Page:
Evaluating the effect of data standardization and validation on patient matching accuracy

Shaun J. Grannis, Huiping Xu, Joshua R. Vest, Suranga Kasthurirathne, Na Bo, Ben Moscovitch, Rita Torkzadeh, Josh Rising

Research output: Contribution to journalArticle

3 Scopus citations


Objective: This study evaluated the degree to which recommendations for demographic data standardization improve patient matching accuracy using real-world datasets. Materials and Methods: We used 4 manually reviewed datasets, containing a random selection of matches and nonmatches. Matching datasets included health information exchange (HIE) records, public health registry records, Social Security Death Master File records, and newborn screening records. Standardized fields including last name, telephone number, social security number, date of birth, and address. Matching performance was evaluated using 4 metrics: sensitivity, specificity, positive predictive value, and accuracy. Results: Standardizing address was independently associated with improved matching sensitivities for both the public health and HIE datasets of approximately 0.6% and 4.5%. Overall accuracy was unchanged for both datasets due to reduced match specificity. We observed no similar impact for address standardization in the death master file dataset. Standardizing last name yielded improved matching sensitivity of 0.6% for the HIE dataset, while overall accuracy remained the same due to a decrease inmatch specificity.We noted no similar impact for other datasets. Standardizing other individual fields (telephone, date of birth, or social security number) showed no matching improvements. As standardizing address and last name improved matching sensitivity, we examined the combined effect of address and last name standardization, which showed that standardization improved sensitivity from 81.3% to 91.6% for the HIE dataset. Conclusions: Data standardization can improve match rates, thus ensuring that patients and clinicians have better data on which to make decisions to enhance care quality and safety.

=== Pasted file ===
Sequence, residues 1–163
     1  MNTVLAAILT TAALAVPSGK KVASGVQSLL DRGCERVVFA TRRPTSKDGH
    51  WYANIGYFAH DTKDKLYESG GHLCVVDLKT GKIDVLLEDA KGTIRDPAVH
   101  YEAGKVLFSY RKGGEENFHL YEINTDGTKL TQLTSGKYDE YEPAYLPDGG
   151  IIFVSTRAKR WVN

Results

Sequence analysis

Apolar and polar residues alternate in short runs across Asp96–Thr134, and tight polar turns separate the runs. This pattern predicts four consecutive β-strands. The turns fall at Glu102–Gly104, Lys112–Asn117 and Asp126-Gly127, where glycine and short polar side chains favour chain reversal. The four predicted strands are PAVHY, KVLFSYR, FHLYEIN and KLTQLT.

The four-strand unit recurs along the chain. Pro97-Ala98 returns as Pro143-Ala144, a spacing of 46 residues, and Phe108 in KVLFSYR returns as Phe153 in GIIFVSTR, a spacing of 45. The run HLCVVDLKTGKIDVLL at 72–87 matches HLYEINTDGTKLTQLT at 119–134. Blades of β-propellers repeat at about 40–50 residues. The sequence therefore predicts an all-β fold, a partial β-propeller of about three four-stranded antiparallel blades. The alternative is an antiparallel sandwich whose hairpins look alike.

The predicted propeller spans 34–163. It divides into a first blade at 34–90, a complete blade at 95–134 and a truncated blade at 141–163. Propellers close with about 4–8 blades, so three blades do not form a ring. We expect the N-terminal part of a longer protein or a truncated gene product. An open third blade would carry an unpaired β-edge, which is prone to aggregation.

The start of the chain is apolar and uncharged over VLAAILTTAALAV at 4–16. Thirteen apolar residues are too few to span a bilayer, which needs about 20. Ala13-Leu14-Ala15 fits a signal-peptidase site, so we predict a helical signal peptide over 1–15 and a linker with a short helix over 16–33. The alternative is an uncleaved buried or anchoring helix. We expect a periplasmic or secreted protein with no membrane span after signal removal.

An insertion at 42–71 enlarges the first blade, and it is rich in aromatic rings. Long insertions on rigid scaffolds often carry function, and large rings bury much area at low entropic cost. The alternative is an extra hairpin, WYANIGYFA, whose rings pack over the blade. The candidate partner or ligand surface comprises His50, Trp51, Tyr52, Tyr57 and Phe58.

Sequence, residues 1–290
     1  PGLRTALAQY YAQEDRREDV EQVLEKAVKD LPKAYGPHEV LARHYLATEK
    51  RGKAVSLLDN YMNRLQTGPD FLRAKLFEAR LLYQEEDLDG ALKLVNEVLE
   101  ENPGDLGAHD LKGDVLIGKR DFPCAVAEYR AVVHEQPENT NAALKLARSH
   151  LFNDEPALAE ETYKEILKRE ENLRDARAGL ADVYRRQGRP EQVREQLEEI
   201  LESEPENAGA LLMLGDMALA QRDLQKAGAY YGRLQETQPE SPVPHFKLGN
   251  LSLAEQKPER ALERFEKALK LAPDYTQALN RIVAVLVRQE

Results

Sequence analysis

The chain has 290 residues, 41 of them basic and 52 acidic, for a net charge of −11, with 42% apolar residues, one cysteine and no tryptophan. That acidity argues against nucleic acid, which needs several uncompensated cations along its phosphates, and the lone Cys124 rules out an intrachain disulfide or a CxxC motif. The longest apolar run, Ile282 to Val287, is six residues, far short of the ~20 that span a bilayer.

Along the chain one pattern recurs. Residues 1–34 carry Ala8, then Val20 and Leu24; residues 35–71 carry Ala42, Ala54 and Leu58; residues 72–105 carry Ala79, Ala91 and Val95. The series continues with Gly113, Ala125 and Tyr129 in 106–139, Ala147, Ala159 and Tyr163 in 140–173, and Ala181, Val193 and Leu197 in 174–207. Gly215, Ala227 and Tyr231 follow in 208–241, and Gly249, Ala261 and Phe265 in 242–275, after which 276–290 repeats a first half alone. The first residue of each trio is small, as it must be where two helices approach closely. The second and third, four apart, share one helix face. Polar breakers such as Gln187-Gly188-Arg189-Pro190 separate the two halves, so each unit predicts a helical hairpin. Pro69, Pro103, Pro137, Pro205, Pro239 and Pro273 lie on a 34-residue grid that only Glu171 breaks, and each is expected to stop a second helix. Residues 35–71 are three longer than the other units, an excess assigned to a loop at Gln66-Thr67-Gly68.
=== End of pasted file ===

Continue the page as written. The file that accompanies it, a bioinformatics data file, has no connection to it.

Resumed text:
Original languageEnglish (US)
Pages (from-to)447-456
Number of pages10
JournalJournal of the American Medical Informatics Association
Issue number5
StatePublished - Mar 8 2019


  • data standards
  • interoperability
  • patient identification
  • patient matching
  • record linkage

ASJC Scopus subject areas

  • Health Informatics

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